agencies in this country."
In addition to swapping information, reporters
have killed or altered stories and disseminated propaganda at
the request of the Agency. The CIA, in turn, has given friendly
journalists career-enhancing scoops and leaks. When a correspondent
for the San Diego-based Copley chain learned that CIA-backed anti-Castro
Cubans were training for the ill-fated Bay of Pigs invasion, he
not only held the story but published misleading information fed
to him by the Agency that dismissed rumors of an impending attack.
As a gesture of gratitude, the CIA gave Charles Keely a big scoop
about Soviet missile bases in Cuba. Keely subsequently won an
award for breaking the Cuban missile story.
Foreign news bureaus provided excellent
cover for full-time spies posing as reporters. For a while, the
CIA ran a formal training program to teach agents how to act like
(or be) reporters. Not everyone needed tutoring; Richard Helms,
CIA director in the mid-1960s and early 1970s, had previously
worked as a UPI correspondent. And the revolving door turned both
ways, as CIA agents like William F. Buckley burrowed into media
niches after their stint with U.S. intelligence formally ended.
Bernstein estimated in 1977 that at least
400 journalists had lived double lives, maintaining covert relationships
with the CIA that went beyond the normal give-and-take between
reporters and their sources. Media professionals occasionally
were paid for their CIA-related services. Some even signed secrecy
agreements while they performed non-journalistic tasks for the
Agency, such as keeping an eye out for potential recruits and
passing messages or money to CIA contacts. Trusted reporters were
dispatched on special undercover assignments, almost always with
the consent of their editors. As former CIA director William Colby
stated, "Let's not pick on some poor reporters. Let's go
to the managements. They were witting."
Old boy networks
The CIA cultivated high-level contacts
within the most prestigious media in the U.S., including the three
TV networks and the newspapers of record. More than 20 other American
news organizations occasionally shared a bed with the CIA, including
AP, UPI, Scripps-Howard, the Hearst papers, Reader's Digest, Wall
Street Journal, Christian Science Monitor and the Mutual Broadcasting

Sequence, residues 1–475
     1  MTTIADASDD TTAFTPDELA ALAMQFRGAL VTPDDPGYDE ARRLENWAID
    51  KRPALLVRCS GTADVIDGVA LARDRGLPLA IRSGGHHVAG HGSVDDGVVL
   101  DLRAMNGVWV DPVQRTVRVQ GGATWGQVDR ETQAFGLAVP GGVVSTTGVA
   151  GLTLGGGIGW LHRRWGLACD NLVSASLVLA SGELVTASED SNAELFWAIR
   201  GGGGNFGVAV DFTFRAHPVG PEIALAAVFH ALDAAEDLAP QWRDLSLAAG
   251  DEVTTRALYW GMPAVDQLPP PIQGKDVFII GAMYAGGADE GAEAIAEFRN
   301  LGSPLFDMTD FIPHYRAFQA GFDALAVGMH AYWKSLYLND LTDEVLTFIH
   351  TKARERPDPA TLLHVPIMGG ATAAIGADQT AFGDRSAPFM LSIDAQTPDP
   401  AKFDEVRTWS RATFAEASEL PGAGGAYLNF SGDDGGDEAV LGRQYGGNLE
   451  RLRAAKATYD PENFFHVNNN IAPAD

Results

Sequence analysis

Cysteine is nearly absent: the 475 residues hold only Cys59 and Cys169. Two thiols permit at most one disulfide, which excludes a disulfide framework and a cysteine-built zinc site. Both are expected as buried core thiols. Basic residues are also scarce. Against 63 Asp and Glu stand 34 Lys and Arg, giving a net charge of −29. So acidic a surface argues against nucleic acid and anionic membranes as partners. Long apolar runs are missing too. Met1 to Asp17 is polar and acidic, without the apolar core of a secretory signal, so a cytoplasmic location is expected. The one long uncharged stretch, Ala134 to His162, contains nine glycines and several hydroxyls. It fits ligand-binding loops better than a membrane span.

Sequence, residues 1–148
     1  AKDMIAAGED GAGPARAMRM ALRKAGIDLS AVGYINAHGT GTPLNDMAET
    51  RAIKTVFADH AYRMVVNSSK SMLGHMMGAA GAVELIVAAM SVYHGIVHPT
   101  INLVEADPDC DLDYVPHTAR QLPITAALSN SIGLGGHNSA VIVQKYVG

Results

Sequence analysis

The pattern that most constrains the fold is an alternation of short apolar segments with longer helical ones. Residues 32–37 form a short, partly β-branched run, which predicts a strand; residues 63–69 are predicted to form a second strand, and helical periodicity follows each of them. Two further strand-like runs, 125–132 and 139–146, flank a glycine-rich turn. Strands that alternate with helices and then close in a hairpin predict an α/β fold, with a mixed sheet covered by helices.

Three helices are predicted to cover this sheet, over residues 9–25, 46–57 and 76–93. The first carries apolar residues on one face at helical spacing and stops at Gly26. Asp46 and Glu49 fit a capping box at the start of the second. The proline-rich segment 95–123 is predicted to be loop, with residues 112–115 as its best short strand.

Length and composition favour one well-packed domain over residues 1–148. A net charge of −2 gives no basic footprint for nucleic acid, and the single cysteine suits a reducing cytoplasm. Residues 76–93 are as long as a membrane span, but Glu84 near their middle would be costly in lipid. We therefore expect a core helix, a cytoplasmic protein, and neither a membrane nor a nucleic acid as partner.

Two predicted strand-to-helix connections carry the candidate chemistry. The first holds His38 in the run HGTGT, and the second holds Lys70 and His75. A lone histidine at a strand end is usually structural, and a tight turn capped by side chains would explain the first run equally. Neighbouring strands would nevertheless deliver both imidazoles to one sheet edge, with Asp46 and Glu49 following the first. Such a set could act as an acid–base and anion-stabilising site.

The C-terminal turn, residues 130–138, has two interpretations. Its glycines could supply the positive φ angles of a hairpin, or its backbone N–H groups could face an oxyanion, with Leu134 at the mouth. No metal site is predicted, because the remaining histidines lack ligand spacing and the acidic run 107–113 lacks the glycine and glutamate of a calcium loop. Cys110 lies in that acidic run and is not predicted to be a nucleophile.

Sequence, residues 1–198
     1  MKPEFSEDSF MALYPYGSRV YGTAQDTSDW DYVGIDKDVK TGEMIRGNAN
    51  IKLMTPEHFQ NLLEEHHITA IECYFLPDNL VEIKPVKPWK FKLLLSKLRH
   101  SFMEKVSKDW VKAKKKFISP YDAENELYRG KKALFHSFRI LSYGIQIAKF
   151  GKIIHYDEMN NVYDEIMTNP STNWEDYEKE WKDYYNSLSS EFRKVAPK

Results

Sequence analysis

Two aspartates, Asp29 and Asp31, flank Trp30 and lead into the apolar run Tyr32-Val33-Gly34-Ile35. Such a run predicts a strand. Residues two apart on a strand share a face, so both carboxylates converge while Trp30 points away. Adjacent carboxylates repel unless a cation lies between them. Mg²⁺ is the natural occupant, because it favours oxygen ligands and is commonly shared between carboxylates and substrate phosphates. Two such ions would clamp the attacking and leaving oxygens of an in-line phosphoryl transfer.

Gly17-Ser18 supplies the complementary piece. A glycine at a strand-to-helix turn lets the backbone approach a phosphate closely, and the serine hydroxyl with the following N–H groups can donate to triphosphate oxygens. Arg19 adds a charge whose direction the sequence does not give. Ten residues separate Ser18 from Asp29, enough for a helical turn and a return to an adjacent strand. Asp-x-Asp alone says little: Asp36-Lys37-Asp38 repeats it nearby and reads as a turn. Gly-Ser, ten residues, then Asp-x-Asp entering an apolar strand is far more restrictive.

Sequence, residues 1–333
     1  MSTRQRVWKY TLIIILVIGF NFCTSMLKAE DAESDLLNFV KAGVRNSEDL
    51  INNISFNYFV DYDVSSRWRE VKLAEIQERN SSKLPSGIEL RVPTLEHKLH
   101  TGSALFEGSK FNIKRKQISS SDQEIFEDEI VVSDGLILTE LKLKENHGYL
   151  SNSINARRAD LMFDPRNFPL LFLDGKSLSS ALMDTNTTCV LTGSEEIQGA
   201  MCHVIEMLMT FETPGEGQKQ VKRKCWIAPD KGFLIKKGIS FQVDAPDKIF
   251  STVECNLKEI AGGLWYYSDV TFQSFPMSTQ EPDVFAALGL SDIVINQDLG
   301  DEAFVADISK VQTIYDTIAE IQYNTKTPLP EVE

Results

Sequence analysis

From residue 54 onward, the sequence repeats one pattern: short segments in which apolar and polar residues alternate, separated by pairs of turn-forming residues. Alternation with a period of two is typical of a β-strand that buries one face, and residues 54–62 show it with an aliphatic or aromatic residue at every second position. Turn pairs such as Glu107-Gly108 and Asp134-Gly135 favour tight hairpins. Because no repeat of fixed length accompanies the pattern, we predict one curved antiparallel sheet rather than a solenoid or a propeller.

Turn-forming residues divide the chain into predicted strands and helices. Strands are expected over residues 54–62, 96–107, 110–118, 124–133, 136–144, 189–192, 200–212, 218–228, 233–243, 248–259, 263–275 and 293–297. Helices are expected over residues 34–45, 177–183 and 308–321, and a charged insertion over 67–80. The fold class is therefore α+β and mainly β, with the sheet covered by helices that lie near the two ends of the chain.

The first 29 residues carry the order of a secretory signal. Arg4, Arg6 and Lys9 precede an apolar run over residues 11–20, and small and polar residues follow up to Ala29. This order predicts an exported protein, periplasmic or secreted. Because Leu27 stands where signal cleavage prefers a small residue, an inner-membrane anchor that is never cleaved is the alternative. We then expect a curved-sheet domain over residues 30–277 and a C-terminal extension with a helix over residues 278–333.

Relationships between CIA officials and
media execs were often social, dating back many years. For instance,
Washington Post owners Philip and Katharine Graham were best friends
with Frank Wisner, a pivotal figure in the Agency's worldwide
propaganda apparatus. Wisner ran CIA covert operations from the
early days of the Cold War until shortly before he committed suicide
The CIA's global propaganda operation
was headed initially by Tom Braden. After leaving the Agency,
Braden worked as a syndicated columnist and co-host of CNN Crossfire
(representing "the left"). Braden once wrote a piece
in the Saturday Evening Post called "Why I'm Glad the CIA
is Immoral." One of Braden's CIA proteges, Philip L. Geyelin,
eventually became editor of the Washington Post editorial page.
At times critical of the Reagan administration for squandering
its credibility because it lied so much about Central America,
Geyelin nonetheless affirmed the virtue of official deception:
"We will get nowhere without first stipulating that, while
circumstances alter almost any case you can think of, the President
has an inherent right-perhaps an obligation in particular situations-to
Oftentimes the lie is in the omission-and
the Post has been a willing participant in keeping the lid on
touchy disclosures. "There have been instances," admitted
publisher Katharine Graham, "in which secrets have been leaked
to us which we thought were so dangerous that we went to them
[U.S. officials] and told them that they had been leaked to us
and did not print them."
The CIA's most important print media asset
has been the New York Times, which provided press credentials
and cover for more than a dozen CIA operatives during the Cold
War. Arthur Hays Sulzberger, publisher from 1935 to 1961, was
a close friend of CIA director Allen Dulles. After Dulles' successor
John A. McCone stepped down as CIA chief in the mid-1960s, the
Times continued to submit articles to McCone for vetting and approval.
McCone removed certain elements of stories before they went to
press. Such groveling by the Times suggests that instead of "All
the News That's Fit to Print," perhaps its motto should be
"Print to Fit."